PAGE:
## Show code cell source

```
import matplotlib.pyplot as plt
%matplotlib inline
import matplotlib_inline
matplotlib_inline.backend_inline.set_matplotlib_formats('svg')
import seaborn as sns
sns.set_context("paper")
sns.set_style("ticks");
```

# Gradient Descent with Momentum#

We want to create a method with two properties:

It should move through bad local minima with high probability.

It should eventually stop at a local minimum.

## Gradient descent in the limit of infinitesimal steps is a differential equation#

Before we start, let’s revisit gradient descent. But think of the iterations as stepping through time. Each iteration is a step forward in time by \(\Delta t\) and also set the learning rate to \(\alpha = \Delta t\). We can write:

Rearranging the terms we get:

So, in the limit of infinitesimal steps, we get:

Here the dot notation \(\dot{x}\) is the time derivative of \(x\). We see that the parameters \(x\) move by feeling a “force” \(- \nabla f(x)\).

## Gradient descent with momentum#

Okay, we saw that gradient descent is a differential equation. It is as if the parameters \(x\) are moving through time with a “force” \(- \nabla f(x)\). But I put the word “force” in quotes because it is not acting like a real force. Where does a real force act? Well, recall Newton’s second law of motion:

So, we need a mass \(m\) and an acceleration \(\ddot{x}\). But we only have a first order differential equation.

It doesn’t matter. It is math. We can do whatever we want. Let’s promote the parameters to a particle with mass \(m\). Then we can write:

The mass \(m\) is a new parameter that we can set. Now \(-\nabla f(x)\) is a force that acts on the particle.

Okay, so far so good. But we don’t have exactly what we want. Think about it for a moment. The dynamics of the particle we just created are conservative. So, the particle will oscillate may get out of a bad local minimum, but it will never stop. It will oscillate forever.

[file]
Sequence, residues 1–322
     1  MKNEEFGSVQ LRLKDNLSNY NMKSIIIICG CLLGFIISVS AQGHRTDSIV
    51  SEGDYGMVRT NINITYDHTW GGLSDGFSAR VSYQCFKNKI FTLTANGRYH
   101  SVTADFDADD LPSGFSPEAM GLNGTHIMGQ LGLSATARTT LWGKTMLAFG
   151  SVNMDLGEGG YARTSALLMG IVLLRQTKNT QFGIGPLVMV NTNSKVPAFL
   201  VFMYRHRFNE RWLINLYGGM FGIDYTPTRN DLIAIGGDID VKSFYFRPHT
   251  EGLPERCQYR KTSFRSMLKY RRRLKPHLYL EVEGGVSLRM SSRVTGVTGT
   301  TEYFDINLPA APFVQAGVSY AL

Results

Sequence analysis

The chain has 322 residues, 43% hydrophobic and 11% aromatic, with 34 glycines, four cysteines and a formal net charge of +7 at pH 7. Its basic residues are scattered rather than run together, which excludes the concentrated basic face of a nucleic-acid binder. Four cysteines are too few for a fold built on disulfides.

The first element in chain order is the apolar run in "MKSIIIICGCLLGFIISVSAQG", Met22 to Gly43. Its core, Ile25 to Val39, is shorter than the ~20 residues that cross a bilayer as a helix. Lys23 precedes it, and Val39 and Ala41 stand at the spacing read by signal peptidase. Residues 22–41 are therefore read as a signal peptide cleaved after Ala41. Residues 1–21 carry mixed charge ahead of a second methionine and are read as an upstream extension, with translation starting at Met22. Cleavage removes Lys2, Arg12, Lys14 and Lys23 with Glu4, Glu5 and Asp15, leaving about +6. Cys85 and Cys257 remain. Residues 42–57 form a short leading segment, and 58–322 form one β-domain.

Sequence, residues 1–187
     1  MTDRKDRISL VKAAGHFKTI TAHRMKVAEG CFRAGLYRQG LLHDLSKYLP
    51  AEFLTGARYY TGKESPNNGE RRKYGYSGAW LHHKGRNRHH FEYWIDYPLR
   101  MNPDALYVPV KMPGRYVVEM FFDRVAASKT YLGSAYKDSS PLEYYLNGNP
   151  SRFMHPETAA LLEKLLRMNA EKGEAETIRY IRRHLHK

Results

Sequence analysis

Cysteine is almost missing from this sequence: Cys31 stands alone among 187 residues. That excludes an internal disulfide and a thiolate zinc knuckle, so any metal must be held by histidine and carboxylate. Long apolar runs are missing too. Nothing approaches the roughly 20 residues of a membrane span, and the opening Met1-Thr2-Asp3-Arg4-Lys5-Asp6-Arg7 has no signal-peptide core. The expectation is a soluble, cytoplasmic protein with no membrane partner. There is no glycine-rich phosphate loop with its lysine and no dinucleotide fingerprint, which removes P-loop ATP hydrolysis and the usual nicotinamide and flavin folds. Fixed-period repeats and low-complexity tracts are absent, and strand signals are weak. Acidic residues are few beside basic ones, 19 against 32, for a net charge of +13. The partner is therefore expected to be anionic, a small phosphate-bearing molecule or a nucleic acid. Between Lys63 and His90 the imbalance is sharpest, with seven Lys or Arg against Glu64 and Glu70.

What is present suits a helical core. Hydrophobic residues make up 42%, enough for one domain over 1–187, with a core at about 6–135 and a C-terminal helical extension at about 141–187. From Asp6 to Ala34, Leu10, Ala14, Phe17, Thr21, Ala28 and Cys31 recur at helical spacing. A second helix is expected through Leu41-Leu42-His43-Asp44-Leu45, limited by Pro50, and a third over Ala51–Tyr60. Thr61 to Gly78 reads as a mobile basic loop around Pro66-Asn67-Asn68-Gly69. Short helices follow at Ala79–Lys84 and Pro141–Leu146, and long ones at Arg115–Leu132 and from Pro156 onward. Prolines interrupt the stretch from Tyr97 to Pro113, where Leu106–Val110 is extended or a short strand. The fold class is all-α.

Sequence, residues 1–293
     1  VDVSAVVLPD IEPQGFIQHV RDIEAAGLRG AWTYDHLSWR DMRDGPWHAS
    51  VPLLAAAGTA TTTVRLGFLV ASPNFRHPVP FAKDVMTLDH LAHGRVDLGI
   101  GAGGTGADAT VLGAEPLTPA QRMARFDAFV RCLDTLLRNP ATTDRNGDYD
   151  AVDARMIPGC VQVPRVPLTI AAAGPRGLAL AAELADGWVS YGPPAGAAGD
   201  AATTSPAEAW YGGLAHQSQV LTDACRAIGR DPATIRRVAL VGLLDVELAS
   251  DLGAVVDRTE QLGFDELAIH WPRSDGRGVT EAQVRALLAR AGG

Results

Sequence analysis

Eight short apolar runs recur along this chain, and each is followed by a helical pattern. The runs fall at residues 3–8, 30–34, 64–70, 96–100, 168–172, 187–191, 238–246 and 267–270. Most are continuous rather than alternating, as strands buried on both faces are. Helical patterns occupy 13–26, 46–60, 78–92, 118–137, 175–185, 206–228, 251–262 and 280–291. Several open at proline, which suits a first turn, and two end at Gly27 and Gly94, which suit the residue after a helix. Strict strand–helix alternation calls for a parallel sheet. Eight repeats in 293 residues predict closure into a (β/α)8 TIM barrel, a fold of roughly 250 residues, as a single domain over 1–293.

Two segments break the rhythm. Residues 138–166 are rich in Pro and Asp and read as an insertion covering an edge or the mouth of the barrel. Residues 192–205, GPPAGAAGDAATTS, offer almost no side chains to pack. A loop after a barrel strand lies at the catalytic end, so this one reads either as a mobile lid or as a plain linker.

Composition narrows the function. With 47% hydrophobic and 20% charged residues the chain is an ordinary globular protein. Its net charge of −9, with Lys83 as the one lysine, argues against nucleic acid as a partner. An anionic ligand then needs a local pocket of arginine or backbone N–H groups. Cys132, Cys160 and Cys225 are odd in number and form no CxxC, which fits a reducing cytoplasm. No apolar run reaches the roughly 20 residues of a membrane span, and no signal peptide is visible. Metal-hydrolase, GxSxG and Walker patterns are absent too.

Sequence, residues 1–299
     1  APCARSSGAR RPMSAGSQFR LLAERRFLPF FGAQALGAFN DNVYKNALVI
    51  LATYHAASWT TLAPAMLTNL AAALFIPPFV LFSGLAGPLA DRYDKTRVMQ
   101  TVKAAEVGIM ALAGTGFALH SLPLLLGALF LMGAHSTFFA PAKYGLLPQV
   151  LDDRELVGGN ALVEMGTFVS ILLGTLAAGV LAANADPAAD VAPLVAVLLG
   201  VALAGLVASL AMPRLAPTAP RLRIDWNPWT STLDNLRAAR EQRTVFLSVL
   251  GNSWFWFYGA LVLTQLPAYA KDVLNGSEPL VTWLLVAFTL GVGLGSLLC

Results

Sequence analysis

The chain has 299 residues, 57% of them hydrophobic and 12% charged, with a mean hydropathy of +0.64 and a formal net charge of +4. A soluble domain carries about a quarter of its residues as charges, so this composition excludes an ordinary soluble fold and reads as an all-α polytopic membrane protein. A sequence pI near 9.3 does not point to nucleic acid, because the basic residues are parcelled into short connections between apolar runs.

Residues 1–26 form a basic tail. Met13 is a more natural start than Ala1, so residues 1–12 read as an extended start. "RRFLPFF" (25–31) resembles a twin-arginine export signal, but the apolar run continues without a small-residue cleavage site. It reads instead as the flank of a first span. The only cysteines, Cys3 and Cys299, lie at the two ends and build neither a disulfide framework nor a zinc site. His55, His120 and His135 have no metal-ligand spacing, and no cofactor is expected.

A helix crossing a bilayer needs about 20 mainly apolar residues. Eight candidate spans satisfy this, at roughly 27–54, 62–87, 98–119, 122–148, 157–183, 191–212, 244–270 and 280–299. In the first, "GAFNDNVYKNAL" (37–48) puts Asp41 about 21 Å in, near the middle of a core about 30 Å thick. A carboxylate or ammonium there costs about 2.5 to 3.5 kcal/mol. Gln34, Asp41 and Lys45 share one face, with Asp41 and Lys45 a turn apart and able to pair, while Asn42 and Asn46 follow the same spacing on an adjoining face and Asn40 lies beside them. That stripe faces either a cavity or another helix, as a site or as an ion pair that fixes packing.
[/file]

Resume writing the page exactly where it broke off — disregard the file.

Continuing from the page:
We need to add a dissipative force. This can be done in many ways. We are going to add a drag force that is proportional to the velocity of the particle. So, think of the particle moving through a viscous fluid. We can write:

Now we have a particle that will move through bad local minima with high probability and eventually stop at a local minimum. We also get another nice property. If the particle finds itself in an flat region with low gradient, it will gradually accelerate until it reaches a final velocity. This is nice because it will help the particle get out of a flat region. The smaller the drag coefficient \(\gamma\), the larger the final velocity, the faster the particle will move through flat regions.

Now, let’s turn this into an algorithm. The first step is to turn the differential equation to a first order dynamical system.

Define the momentum of the particle as:

Then we can write:

The second step is to discretize the dynamical system. We can use the Euler method:

Now we are ready to make the connection to the algorithm you see in the literature. Define what they call the “velocity” by: